- Alterik Wilburn – Decadent Brownies Three Ways
- Andrew Gottlieb – Butter-Poached Shrimp on Corn Toasts with Corn Soufflé
- Me – Hand-Turned Orichette with Tomato Pork Ragu
A couple of my friends were generous enough to share their recipes with us (see below). Each of these was written by the chef who provided the instruction.
Suffice to say, after several hours of amazing food, great conversation, incredible company and many calls for repeat performances in the future, we had a successful potluck in incredible style. I hope you enjoy the dishes as much as I did!
This is the dish I served, but I’m going to save the orichette for another post as there is a bit more technique involved. Still, this pork ragu is always a crowd pleaser.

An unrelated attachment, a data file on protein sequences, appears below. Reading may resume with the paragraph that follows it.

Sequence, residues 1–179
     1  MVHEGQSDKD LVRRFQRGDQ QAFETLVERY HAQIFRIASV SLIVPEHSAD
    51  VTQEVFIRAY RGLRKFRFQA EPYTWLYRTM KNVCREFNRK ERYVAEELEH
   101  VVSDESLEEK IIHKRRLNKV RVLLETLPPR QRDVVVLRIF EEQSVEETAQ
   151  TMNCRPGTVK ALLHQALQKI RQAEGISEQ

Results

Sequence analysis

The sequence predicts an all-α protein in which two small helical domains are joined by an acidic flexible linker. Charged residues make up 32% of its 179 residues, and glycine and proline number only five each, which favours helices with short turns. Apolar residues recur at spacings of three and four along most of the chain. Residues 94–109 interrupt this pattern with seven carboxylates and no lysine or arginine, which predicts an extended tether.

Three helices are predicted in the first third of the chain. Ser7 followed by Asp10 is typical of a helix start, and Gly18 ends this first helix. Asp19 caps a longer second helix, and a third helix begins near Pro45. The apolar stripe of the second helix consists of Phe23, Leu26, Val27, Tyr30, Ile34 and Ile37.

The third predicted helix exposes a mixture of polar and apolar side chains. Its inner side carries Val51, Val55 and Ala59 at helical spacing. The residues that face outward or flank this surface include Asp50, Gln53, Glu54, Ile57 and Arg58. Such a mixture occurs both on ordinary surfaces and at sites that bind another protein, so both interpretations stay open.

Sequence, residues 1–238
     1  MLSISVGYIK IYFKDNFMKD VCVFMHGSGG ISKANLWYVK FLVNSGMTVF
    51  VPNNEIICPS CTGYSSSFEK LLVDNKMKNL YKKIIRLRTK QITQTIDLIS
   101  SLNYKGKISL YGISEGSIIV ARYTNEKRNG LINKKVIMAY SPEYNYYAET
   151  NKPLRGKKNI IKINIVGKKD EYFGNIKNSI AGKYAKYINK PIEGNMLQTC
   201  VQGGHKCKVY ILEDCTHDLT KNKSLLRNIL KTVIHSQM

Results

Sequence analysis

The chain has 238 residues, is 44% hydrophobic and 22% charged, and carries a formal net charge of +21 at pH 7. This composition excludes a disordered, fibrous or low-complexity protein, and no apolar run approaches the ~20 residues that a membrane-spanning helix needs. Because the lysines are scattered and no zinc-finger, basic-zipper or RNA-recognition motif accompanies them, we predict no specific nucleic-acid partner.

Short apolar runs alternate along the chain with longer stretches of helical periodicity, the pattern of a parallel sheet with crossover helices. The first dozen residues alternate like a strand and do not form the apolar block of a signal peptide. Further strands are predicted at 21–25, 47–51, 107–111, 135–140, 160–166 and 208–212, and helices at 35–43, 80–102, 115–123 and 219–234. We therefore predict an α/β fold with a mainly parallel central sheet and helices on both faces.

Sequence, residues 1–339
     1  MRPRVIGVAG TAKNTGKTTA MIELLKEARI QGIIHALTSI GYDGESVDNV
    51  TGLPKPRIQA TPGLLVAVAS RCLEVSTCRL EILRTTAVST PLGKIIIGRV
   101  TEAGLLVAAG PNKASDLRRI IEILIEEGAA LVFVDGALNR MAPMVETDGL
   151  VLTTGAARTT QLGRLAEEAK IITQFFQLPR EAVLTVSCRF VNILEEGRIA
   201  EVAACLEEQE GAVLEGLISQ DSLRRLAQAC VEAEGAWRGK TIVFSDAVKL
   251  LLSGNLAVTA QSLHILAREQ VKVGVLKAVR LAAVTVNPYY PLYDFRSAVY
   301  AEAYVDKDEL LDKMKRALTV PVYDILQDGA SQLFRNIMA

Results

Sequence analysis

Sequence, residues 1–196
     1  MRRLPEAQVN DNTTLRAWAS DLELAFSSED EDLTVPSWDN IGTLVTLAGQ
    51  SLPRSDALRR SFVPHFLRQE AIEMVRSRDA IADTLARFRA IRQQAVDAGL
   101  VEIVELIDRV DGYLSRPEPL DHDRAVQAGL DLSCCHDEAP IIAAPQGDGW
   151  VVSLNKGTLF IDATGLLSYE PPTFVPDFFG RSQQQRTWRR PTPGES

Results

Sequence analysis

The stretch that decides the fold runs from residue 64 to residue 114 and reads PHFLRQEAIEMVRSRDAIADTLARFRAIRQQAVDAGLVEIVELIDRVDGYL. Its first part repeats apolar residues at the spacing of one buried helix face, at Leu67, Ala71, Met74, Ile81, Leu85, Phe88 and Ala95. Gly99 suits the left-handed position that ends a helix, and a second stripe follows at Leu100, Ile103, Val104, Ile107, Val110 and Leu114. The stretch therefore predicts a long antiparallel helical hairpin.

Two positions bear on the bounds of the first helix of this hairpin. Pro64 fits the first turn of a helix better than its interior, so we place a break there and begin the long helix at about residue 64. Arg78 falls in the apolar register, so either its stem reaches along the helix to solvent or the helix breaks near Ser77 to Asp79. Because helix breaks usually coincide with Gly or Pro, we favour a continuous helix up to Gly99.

There are three separate parts to this recipe: the pork, the beet juice and the veggies. When these components are ready, they join forces and BAM! You will have borscht that tastes like you have a Ukrainian grandmother. And if you already have a Ukrainian grandma, this will put you in her will.
We affectionately call him “FrankenChef” due to his talent for molecular gastronomy techniques!
This recipe involves some multitasking which you, the reader, will be guided through. Use your discretion with time management to execute this dish.
(Lead photo, clockwise from bottom left: Alterik Wilburn, Alvin Schwartz, Monica Chung, Natalie Rodriguez, John Addona, David Mathie Bersch, Chi Dixon)
(Photo Credits: Amy Fletcher)
About the author: Chi didn’t realize she could cook until she was well into her 20’s – then she discovered that it was one of the things she liked doing the most! As a top 100 contestant on MasterChef season 2, Chi discovered her hobby was more of a passion and has been exploring this passion since. Her objective is to de-mystify cooking and make it approachable and fun for anyone with the desire to set foot in the kitchen.